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Chris Taylor, Dodgers agree to two-year extension

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LOS ANGELES — Utilityman Chris Taylor and the Los Angeles Dodgers have agreed to a two-year contract extension.

The sides avoided arbitration when they agreed to a $13.4 million contract that included salaries of $5.6 million this year, then $7.8 million in 2021, according to multiple reports.

Taylor hit .262 last year after overcoming a slow start to the season in which he missed over a month with a broken wrist. The 29-year-old plays many positions and his speed is valuable on the basepaths.

Taylor made $3.5 million last year. He had asked for $5.8 million in arbitration and the team offered $5,250,000. He is eligible for free agency after the 2021 season.

Infielder Max Muncy agreed to a $26 million, three-year contract Thursday and outfielder Joc Pederson lost his case Friday and will get $7.75 million instead of his request for $9.5 million. The Dodgers have agreed to trade Pederson to the Angels.

Reliever Pedro Baez ($4 million versus $3.5 million) remains on track for a hearing.

Information from The Associated Press was used in this report.

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Nationals manager Dave Martinez gets new three-year contract

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The Washington Nationals and manager Dave Martinez have agreed to a three-year extension, a source confirmed to ESPN. The deal is worth $7.5 million, according to USA Today.

Martinez had an option on his contract for next season, but this deal would replace that and keep the manager with the reigning World Series champs through the 2023 season.

MLB Network first reported on the two sides agreeing to an extension.

Nationals general manager Mike Rizzo, who signed his own new contract this season, stated that re-signing Martinez was a priority for him.

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Brewers’ Corbin Burnes on injured list with strained left oblique

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ST. LOUIS — Milwaukee Brewers pitcher Corbin Burnes was placed on the injured list Friday with a strained left oblique, likely ending the right-hander’s breakthrough season.

Brewers manager Craig Counsell said that if Milwaukee advances to the playoffs, Burnes would be unavailable for the first round and would be doubtful for the second round. The Brewers (27-29) are outside of playoff position but haven’t been eliminated from contention heading into the final weekend of the regular season.

“Take the next couple of days off and then start slowly working back into it, and we’ll see how quickly we can get things ramped up depending on how I’m recovering,” Burnes said.

Burnes is 4-1 with a 2.11 ERA and 88 strikeouts in 59 2/3 innings, a dramatic improvement from a 2019 campaign in which he went 1-5 with an 8.82 ERA.

He suffered his first loss of the season Thursday by allowing three runs and six hits over 3 2/3 innings as the Brewers fell 4-2 to the St. Louis Cardinals. The injury, which was described Thursday night as lower back discomfort, appeared to bother Burnes throughout the fourth inning.

Burnes was placed on the injured list after undergoing an MRI.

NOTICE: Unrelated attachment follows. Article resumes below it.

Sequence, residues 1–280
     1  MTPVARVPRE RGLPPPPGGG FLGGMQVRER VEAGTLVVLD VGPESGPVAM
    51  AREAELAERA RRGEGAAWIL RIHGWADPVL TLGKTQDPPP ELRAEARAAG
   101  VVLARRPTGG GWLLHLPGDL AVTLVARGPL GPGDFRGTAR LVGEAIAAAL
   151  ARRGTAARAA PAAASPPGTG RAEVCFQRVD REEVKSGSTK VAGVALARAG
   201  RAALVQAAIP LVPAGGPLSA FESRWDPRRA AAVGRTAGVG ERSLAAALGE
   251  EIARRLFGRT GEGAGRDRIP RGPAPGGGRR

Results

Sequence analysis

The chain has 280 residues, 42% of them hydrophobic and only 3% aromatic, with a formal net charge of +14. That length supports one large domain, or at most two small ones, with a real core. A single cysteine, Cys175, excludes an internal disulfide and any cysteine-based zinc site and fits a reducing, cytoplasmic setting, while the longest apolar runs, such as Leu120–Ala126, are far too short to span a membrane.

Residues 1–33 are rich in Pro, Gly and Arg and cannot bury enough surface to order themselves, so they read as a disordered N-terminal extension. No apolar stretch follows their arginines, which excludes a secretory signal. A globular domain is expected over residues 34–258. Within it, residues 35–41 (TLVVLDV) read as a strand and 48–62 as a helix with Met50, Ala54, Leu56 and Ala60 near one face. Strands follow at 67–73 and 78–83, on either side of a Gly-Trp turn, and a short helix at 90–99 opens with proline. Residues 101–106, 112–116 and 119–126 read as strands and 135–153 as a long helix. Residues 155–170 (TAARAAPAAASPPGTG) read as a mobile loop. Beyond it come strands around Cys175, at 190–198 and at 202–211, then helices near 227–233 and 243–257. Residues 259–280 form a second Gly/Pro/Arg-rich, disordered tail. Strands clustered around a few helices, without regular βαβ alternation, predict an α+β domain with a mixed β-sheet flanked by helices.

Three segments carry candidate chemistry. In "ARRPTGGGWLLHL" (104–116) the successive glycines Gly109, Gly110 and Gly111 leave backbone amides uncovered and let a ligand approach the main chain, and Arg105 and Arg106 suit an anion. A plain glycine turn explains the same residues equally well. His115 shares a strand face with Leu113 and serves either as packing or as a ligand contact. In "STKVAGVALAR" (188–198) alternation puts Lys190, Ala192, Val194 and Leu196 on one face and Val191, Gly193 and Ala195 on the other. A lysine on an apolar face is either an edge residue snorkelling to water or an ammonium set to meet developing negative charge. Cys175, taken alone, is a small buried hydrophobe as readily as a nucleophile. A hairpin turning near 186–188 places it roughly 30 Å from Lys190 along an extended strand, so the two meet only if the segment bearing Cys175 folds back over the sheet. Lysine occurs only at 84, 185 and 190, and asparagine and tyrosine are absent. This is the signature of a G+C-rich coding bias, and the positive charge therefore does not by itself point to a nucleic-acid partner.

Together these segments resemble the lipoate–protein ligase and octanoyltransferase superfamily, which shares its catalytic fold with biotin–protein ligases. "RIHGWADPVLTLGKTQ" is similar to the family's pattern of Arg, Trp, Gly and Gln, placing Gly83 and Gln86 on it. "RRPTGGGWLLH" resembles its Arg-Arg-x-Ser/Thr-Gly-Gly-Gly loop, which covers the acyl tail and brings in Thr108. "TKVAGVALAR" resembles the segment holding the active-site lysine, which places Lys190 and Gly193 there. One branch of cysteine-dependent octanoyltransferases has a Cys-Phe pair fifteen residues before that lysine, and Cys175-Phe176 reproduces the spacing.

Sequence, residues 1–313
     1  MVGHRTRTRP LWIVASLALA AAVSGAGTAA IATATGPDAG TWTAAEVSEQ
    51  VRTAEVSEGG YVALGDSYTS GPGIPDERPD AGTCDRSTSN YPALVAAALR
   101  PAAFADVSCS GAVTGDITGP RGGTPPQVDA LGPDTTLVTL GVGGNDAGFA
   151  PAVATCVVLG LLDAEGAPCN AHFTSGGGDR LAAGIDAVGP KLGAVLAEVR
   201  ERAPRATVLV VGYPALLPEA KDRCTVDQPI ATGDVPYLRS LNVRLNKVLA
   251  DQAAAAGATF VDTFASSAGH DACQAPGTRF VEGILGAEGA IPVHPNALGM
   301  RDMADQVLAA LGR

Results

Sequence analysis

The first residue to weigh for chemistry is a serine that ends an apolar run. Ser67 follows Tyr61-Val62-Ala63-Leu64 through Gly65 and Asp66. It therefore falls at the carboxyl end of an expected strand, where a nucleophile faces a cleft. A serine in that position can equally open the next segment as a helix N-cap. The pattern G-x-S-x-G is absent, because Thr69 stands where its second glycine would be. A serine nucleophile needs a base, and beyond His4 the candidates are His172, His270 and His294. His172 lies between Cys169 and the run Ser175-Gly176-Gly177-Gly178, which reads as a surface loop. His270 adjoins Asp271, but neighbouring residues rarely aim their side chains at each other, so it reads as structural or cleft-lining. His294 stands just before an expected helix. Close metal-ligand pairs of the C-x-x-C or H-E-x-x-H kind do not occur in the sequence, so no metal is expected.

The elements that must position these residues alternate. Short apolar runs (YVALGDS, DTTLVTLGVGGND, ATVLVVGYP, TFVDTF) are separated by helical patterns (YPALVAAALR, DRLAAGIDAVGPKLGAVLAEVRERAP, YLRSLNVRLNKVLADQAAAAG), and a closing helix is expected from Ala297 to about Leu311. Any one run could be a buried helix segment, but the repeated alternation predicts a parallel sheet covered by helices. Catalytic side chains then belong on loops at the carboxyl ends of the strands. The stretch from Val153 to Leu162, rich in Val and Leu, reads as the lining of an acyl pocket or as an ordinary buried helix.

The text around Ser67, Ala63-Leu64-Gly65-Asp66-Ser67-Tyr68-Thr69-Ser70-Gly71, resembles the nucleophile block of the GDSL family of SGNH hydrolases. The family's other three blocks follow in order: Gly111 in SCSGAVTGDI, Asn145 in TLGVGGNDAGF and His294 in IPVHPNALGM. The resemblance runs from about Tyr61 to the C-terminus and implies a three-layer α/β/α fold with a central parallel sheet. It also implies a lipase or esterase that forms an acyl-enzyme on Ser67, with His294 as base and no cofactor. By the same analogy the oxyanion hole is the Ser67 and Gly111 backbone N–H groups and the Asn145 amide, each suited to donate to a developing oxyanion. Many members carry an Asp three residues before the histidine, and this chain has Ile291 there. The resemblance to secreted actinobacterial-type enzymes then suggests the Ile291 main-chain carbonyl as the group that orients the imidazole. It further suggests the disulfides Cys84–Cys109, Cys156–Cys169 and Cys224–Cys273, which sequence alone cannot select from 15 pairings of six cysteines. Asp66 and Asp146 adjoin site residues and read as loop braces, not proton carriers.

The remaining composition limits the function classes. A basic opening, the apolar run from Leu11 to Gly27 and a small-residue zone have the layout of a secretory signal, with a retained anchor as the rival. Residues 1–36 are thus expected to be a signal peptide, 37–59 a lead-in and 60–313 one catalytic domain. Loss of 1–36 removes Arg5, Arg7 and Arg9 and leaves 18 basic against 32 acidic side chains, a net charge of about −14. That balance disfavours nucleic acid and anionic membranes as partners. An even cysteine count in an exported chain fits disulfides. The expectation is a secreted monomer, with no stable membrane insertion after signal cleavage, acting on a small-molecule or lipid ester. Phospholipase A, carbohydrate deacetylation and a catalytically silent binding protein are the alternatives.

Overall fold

“It didn’t end the way you necessarily wanted it to,” Counsell said. “He had a great season. We’ve talked about it many times — he should be happy with what he accomplished. One, you’ve got to heal up and see what happens. But regardless of what happens, he should be really pleased with what he’s been able to accomplish in the regular season.”

Burnes said the issue started bothering him during his previous start and cropped up periodically throughout the week, but that he felt fine before Thursday’s game.

“Everyone asked me beforehand, ‘Are you good to go?'” Burnes said. “[I replied], ‘I’m good to go.’ It was one of those things where there was just a little bit of tightness, but I thought it would be just fine. Everyone’s asking me after, ‘Do you still think you should have gone last night?’ Absolutely. It’s one of those things, I think I can go out there and get outs. For the most part, I was able to, up until the very end there. It’s one of those things. Absolutely no regrets about going out there last night.”

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Thom Brennaman resigns from Cincinnati Reds games after slur

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Thom Brennaman has resigned as a Cincinnati Reds broadcaster after he used an anti-gay slur on the air last month, he told WCPO on Friday.

“My family and I have decided that I am going to step away from my role as the television voice of the Cincinnati Reds,” Brennaman said in a statement to the network. “I would like to thank the Reds, Reds fans and the LGBTQ community for the incredible support and grace they have shown my family and me.”

On Aug. 19, Brennaman used the slur moments after the Fox Sports Ohio feed returned from a commercial break before the top of the seventh inning in the first game of a doubleheader at Kansas City. Brennaman did not seem to realize he was already on air. He later apologized.

The Reds took Brennaman off the broadcast in the fifth inning of the second game, handing his duties to alternate play-by-play man Jim Day.

On Friday, Brennaman said he “so very sorry” for his comment and hoped to continue as a broadcaster.

“And if I’m given that opportunity, I will be a better broadcaster and a much better person.” Brennaman said in his statement.

In a statement at the time of Brennaman’s comment, the Reds said they were “devastated by the horrific, homophobic remark.”

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